“I’m about to do my fourth and final year at university” I would say.
“What are you studying?”
“Physics,” and whoever I was talking to would pull the same face that said: “so what are you doing in a theatre?”
I’m 21 and in a year’s time I will, with any luck, have graduated from Loughborough University with a masters in Physics. I’m at that stage where I have to think about where I want my life to be going. I’ve been at that stage for quite a while now. Pondering over many career titles I realised that I have always been drawn to the theatre and it’s somewhere I can see myself working. However, I don’t want to be an actor. I’ve taken part in four shows at the Edinburgh Fringe over four years and I’ve done shows at Loughborough. I had an idea of what needs to be done to put on a show, aside from writers writing, actors acting and directors directing, but in such small productions it’s difficult to know which jobs fall under which job title. In a professional company what does the producer, or stage manager, or artistic director or anyone actually do?
I live close to Colchester and have lived in the area for all of my life. So The Mercury was the obvious choice. I emailed them my CV and a covering letter and they offered me a week of work experience with them in September. I didn’t know all that much about the job titles I’ve already mentioned and I was about to be taken under the wing of a department about which I knew even less – the admin team. They sent me my itinerary before I arrived. In the morning I was doing admin and in the afternoon I would be with a different department each day. Thursday evening was the press night of ‘The Weir;’ a co-production between The Mercury and English Touring Theatre, and on Wednesday was the ‘Spektrix split.’ I thought the Spektrix split was going to be another show. Maybe some avant-garde physical theatre for children or something. How wrong I was.
I arrived at the theatre on Monday at 10am because that’s when they told me to get there. In fact I was a few minutes early. I was greeted by Valentina, the person I’d been emailing before I arrived, and my week of work experience officially began. She showed me to the admin office and gave me a tour of the place. I’d seen the auditorium before, of course, but never the workshop for sets and props and backdrops before. In fact, I was so ignorant that I didn’t even know it existed. I also had no idea there was a house behind the main building which housed the costume department downstairs, including a room full of shoes, and a lot of offices upstairs. It was very impressive but this thing called ‘Mercury Rising’ is a scheme to make it even more so. That is the domain of the Development team and I was going to be seeing what they did on Friday morning.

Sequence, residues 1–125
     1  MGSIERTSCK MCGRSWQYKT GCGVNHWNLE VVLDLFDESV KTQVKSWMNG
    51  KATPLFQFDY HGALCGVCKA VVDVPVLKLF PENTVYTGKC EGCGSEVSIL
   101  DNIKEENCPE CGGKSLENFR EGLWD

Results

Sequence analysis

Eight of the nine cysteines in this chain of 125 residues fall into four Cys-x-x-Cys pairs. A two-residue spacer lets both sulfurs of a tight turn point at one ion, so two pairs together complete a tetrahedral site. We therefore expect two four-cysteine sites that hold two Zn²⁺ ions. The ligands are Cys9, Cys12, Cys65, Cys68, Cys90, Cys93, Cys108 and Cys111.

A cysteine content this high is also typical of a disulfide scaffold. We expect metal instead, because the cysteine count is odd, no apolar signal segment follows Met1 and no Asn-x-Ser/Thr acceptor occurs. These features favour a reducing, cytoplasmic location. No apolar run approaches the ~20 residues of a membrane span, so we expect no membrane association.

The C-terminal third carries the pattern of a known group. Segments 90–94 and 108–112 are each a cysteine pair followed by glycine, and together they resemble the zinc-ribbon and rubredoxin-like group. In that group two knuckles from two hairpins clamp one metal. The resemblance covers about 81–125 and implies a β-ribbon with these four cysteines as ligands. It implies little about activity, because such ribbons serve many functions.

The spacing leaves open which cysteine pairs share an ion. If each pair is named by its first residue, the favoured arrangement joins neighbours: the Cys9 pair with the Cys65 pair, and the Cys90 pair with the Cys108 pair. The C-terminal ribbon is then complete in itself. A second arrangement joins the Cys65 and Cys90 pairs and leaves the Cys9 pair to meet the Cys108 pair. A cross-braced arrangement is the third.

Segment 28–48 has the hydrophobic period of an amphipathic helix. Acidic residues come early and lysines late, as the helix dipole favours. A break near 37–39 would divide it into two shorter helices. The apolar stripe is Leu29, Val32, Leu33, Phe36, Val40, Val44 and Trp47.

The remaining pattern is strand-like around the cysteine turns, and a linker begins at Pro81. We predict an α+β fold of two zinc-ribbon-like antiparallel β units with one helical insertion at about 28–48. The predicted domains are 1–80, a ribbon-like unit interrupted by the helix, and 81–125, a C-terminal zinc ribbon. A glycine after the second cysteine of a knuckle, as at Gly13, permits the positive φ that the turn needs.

Back to the admin office and I signed a few forms agreeing to let The Mercury amputate my leg if they want, or whatever – if I’m honest I didn’t really read it – and then I was given my very first task. Valentina handed me three pieces of A4 paper and told me to choose one. It was not a magic trick. My job was to pick which charity of the three was to receive two free tickets to a show at The Mercury while the other two would not. This wasn’t my idea of admin. I thought admin was paper clips and ink cartridges. After careful consideration I made my decision and that was that. She showed me to the computer I was going to be using during the week and introduced me to ‘Artifax’ which was the program used to keep track of what was going on in The Mercury by those working there, and to ‘Spektrix.’ Spektrix is not a contemporary dance troupe but is actually a software for selling tickets. I was very surprised to find out that as well as selling the tickets to their own shows The Mercury operates the ticket sales for stately homes and slightly more unusual venues up and down the country. Until that Wednesday, tickets for everything were on the same system, but now was the time to separate the Mercury shows from everything else and have two Spektrix systems. This was the Spektrix split. After meeting Carol, the other member of The Mercury’s admin double-act, it was time for lunch in the green room and once that was finished I went to experience the goings on in the Creative Learning and Talent department.
I did a few admin-like things for them and they did invite me to attend a youth theatre workshop which I’m afraid I declined on the grounds that overt enthusiasm isn’t really my forte. I got to hear a brief rendition of the ‘welcoming song’ that was going to be part of the workshop and, although very good, it did prove that the event wouldn’t have been my kind of scene. Then I joined The Mercury Theatre’s associate director Dan for a late lunch in Colchester. I should say I wasn’t eating, before you start getting ideas about me being the kind of person that has two lunches in one day. I explained why I’m doing the work experience, what I’m interested in and what I’ve done in theatre already, and we talked about what he does, what the life of a writer or a director is like and how you get started. It was all immeasurably helpful and I learned an awful lot. We went back to the creative learning office and I stayed there until it was time to call an end to my first day of work experience.
I got to the admin office at 9am on Tuesday and soon after I sat next to Valentina as she took the minutes of the managers’ meeting. After that it was back to admin. I had a username and password created for me and with ‘the split’ looming over us I was tasked with checking to see if the websites were as they should be, and with copying venues’ seating plans. So if you go to an event somewhere in Colchester and find yourself at a table in the middle of the dance floor then that’s probably my fault. The admin office kept me busy during the morning and after lunch I was with the producers. Tracey, the company producer, sat me down and we had a chat about what it is the producer actually does. She explained the process of when the Mercury produces a show from scratch and with an associate producer called Nathan I saw how they organise performances and events from visiting companies. It was a very lively office.